But it was not  just the eastern Soviet power that Ataturk was quick to engage in fruitful relations with. Shortly before his death, Ataturk signed the Treaty of Saadabad with Iran, Afghanistan and Iraq – an inviolable non-aggression pact which sought to ease historic tensions between the great powers of south-western Eurasia as a bulwark against European imperialism.

Of course when it came to literally looking west, while Ataturk worked to normalise post-war relations with Britain and France, what was more important was Ataturk’s desire to retain friendly Turkish relations in the Balkans while paving the way for a new era of post-Ottoman equality between national partners. It was in this spirit that Ataturk was able to reconcile with The Hellenic Republic shortly after a bitterly fought war which Turkey won and moreover, it was this spirit which led Ataturk to sign the Balkan Pact of 1934 with Greece, Yugoslavia, Bulgaria and Romania.

Ataturk clearly knew that the future of healthy Turkish geopolitical relations was in having as few enemies and as many partners as possible, all the while avoiding the entangling alliances which were the proximate cause for the ballooning of the crises which led to the First World War.

Ataturk knew that only a strong relationship with fellow Eurasian powers including the USSR, Iran and Afghanistan could prevent imperial Europe from exploiting ancient hostilities in the region. He also knew that creating harmony where there once was discord both in the Balkans and in central and western Europe was the key to a more harmonious development for a Turkish state let down by decades of poor leadership.

Today’s Turkey under the leadership of President Recep Tayyip Erdogan is following a fiercely independent and nationally minded foreign policy that is highly reminiscent of the course pursued by Ataturk. In turn, by working with Turkey, Russia and its Turkish partner together are looking to finish the job that Ataturk and Lenin began in terms of forever eliminating the ability of the western powers to force Russia and Turkey into fighting a future war.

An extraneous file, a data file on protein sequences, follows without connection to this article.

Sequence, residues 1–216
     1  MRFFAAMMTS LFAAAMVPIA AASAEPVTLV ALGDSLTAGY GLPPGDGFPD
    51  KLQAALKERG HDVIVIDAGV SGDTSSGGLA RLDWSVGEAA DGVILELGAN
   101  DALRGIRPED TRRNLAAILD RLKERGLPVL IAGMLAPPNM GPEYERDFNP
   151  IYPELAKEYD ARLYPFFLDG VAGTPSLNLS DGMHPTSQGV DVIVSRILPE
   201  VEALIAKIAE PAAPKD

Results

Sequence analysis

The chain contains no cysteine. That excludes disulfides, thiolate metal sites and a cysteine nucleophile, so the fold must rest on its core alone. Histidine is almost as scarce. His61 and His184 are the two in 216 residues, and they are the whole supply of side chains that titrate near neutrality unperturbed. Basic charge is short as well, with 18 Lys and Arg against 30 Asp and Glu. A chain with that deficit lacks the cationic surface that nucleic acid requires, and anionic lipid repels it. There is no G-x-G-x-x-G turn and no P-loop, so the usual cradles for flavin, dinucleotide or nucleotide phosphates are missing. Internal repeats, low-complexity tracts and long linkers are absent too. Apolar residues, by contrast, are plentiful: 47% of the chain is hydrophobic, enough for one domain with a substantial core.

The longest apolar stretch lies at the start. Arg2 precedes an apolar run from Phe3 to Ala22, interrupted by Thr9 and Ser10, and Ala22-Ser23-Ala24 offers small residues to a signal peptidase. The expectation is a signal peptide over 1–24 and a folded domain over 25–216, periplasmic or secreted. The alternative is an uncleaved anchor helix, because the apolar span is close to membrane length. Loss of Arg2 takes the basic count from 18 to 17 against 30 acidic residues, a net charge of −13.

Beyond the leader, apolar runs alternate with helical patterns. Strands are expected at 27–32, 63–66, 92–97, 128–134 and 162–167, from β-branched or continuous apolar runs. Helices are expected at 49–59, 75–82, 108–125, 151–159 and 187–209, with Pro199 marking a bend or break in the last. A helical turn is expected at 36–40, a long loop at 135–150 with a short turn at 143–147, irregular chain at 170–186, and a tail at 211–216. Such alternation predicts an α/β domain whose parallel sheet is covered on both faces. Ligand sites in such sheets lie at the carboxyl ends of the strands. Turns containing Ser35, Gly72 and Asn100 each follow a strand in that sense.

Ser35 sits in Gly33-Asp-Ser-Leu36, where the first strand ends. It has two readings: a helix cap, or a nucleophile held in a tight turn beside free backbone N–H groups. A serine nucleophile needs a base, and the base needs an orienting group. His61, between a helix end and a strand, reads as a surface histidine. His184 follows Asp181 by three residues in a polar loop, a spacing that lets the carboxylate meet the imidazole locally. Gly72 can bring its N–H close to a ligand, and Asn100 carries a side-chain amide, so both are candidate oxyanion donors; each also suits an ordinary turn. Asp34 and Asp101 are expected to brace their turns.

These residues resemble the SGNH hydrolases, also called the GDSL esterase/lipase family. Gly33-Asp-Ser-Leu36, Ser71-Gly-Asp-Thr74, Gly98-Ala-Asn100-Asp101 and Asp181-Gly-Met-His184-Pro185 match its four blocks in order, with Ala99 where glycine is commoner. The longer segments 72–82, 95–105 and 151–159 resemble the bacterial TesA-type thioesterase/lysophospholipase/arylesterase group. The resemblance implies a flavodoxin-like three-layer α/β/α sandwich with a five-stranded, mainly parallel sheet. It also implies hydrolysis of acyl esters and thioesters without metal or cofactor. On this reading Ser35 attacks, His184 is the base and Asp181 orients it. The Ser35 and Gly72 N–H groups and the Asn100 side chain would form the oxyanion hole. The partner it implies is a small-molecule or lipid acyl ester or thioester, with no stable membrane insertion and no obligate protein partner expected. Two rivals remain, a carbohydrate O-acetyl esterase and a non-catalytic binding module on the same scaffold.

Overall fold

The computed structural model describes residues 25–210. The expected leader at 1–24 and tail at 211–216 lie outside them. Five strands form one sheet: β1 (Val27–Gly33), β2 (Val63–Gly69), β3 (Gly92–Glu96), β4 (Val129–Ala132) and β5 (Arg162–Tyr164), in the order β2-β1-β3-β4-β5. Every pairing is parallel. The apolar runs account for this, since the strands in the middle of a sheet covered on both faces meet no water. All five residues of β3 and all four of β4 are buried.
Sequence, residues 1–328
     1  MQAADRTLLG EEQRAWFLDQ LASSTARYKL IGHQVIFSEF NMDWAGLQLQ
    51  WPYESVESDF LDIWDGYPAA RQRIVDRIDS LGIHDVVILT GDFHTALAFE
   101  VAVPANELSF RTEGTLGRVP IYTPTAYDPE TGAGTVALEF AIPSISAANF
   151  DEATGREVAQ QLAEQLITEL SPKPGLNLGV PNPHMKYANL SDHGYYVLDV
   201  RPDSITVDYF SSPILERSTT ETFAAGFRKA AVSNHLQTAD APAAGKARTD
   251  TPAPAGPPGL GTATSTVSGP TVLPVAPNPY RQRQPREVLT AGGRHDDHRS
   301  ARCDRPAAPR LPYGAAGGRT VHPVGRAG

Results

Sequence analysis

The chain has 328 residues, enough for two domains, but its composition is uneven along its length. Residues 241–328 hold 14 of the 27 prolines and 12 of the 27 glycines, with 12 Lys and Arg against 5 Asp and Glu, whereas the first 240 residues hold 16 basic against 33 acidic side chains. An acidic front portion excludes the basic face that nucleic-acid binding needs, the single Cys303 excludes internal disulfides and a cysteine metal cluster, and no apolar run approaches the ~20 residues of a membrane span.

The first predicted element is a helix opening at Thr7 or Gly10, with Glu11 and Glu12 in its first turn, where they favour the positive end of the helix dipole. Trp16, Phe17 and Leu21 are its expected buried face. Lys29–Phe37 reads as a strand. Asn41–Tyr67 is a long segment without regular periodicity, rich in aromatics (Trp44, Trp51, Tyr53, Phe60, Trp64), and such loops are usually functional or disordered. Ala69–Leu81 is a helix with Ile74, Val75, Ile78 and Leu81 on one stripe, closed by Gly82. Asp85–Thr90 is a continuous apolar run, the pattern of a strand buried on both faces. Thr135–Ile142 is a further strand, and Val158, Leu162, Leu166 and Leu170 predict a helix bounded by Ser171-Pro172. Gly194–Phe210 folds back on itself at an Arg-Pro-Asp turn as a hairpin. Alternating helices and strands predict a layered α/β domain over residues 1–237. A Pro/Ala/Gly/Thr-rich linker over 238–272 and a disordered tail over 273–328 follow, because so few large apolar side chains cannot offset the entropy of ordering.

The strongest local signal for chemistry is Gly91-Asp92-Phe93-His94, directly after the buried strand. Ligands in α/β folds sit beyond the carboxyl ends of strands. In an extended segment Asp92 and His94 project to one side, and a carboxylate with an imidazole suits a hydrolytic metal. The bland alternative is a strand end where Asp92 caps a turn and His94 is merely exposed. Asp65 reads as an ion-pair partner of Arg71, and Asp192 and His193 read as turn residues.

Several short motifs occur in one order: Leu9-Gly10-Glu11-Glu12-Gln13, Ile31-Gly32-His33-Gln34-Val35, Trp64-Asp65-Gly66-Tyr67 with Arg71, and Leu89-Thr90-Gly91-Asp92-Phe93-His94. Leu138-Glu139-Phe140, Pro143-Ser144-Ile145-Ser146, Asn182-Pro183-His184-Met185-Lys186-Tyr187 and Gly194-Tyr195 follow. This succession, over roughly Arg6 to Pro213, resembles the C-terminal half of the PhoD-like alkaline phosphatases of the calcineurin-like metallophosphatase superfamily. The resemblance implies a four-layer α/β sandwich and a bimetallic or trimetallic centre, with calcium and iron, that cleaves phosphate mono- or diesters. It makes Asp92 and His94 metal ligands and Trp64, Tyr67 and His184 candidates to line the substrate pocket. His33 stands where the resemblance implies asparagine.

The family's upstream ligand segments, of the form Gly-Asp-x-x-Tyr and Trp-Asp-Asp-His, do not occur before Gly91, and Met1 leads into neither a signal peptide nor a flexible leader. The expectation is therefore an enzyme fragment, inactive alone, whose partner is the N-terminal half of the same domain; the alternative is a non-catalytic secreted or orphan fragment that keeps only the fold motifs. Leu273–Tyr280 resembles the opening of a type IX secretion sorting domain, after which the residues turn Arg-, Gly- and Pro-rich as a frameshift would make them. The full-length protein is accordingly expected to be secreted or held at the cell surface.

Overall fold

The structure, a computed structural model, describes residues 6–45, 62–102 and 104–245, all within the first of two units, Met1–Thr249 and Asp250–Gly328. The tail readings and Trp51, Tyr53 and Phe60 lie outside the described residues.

One must never forget that the Russo-Turkish wars of the middle and late 19th century were an outgrowth of a situation that Britain and France provoked by insisting on boxing Russia into the Black Sea with the Treaty of London, thus forcing Russia and Turkey into position of conflict owing to the strategic necessity of Russia requiring a warm water naval port outside of the Black Sea.

Today, Russia maintains a Mediterranean port in the Syrian city of Tartus while Moscow looks to cooperate with Turkey in what appears to be the final military phase of the Syrian conflict in the Governorate of Idlib. Both sides have pledged to work cooperatively in this area which will be deeply important in terms of avoiding any clashes between pro-Damascus and pro-Ankara troops in the region, while the Russo-Turkish partnership will also be important in terms of preventing a western backed provocation in Idlib, the likes of which Russia’s Foreign Ministry have warned of.

While in the early days of the growing friendship between Putin and Erdogan, many dismissed the clear fraternal relationship as one of mutual convenience or even of mutual suspicion, it is now clear that in embracing a shared destiny in terms of economic, security and cultural cooperation, Russia and Turkey have not only changed the course of regional history but have put each nation in a position where centuries of war now stand to be replaced by centuries of cooperation on a win-win model.

Russia and Turkey no longer share a terrestrial frontier but they still share a common global neighbourhood, not least due to their maritime frontier in the Black Sea. By taking good neighbourly relations to a level of a strategic partnership, both nations will be able to insure a more materially enriched future for their own people while working to preserve peace in nations whose security matters are of grave importance to both Moscow and Ankara.